Anyone who knows Ismael Ahmed knows he is one of the most remarkable people in the Detroit area. He co-founded ACCESS, the nation’s largest Arab-American private human services organization, while he was still a student at the University of Michigan Dearborn.

That was 43 years ago. Today, ACCESS, which he ran for many years, offers more than 90 programs and reports nearly a million client visits a year.

Once built, the Gordie Howe International Bridge could double the number of trucks rolling through the Detroit neighborhood of Delray
wikimedia user Notorious4life / http://michrad.io/1LXrdJM

Once it's built, the Gordie Howe International Bridge from Windsor to Detroit will be one of Michigan's most important tools for international trade.

 

It's projected that truck traffic will double from the current 10,000 to some 20,000 trucks each day rumbling through the southwest Detroit neighborhood of Delray.

 

So what's good for Michigan trade – not to mention America's and Canada's trade – is going to be felt deeply by the folks living there.

A DDOT bus in Detroit.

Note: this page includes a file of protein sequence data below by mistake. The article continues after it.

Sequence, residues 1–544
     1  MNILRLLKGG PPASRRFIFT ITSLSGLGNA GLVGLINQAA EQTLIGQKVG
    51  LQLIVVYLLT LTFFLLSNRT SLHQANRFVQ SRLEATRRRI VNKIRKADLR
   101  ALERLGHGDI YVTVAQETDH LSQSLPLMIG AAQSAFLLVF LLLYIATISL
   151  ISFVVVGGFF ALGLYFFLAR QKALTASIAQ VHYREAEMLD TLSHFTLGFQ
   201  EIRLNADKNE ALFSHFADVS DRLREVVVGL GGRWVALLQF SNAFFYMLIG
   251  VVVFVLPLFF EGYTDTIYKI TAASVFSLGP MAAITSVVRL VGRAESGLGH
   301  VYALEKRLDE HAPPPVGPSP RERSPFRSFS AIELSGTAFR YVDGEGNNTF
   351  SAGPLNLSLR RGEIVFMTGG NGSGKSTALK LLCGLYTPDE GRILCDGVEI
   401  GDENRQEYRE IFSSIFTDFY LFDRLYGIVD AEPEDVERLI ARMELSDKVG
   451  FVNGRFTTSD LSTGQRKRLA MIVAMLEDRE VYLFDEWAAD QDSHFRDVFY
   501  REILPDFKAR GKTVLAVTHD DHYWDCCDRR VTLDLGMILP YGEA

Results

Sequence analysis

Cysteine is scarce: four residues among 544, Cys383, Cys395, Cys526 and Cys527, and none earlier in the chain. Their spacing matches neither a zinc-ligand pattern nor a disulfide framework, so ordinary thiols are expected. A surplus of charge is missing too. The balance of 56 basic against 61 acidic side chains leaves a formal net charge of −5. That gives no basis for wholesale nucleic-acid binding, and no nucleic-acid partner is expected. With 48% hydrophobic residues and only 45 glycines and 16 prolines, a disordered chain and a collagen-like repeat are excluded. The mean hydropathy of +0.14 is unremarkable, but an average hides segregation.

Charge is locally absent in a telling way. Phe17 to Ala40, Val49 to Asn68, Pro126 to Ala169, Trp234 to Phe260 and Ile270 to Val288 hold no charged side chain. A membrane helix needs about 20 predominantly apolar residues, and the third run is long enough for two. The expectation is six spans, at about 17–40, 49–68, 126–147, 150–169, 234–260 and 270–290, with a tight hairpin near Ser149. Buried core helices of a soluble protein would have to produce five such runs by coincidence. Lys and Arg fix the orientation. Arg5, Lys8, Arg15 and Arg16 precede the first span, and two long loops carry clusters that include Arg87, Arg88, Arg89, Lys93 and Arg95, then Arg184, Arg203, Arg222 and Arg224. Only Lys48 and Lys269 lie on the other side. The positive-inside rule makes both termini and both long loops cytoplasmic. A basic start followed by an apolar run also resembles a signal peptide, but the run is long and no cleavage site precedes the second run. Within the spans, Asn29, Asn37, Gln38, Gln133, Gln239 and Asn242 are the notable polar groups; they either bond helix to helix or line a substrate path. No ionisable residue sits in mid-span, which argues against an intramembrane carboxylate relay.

Sarah Hulett / Michigan Radio

Detroit is tweaking bus service again as the city plugs away at revamping its notoriously bad transit system.

The latest changes kick in this coming weekend.

They include schedule modifications, some additional trips and other adjustments across eight bus routes, to “increase reliability” and “alleviate crowding.”

7,100 bodies are buried at the former Eloise mental hospital in Westland, near Detroit. But you'd never guess that from walking around the property.

That’s because the cemetery, which was never meant to be a traditional cemetery, looks more like an empty field. But look down, and you'll discover rows and rows of cement markers the size of large bricks with numbers stamped into them.

“This person buried here is number 5,632,” says Felicia Sills, as she gets on her knees and gently traces her finger over each number.

Stephen Harlan / flickr creative commons http://j.mp/1SPGCl0

Detroit mayor Mike Duggan announced plans today to recruit more Detroit-based, minority contractors for the city's expanding blight-removal efforts.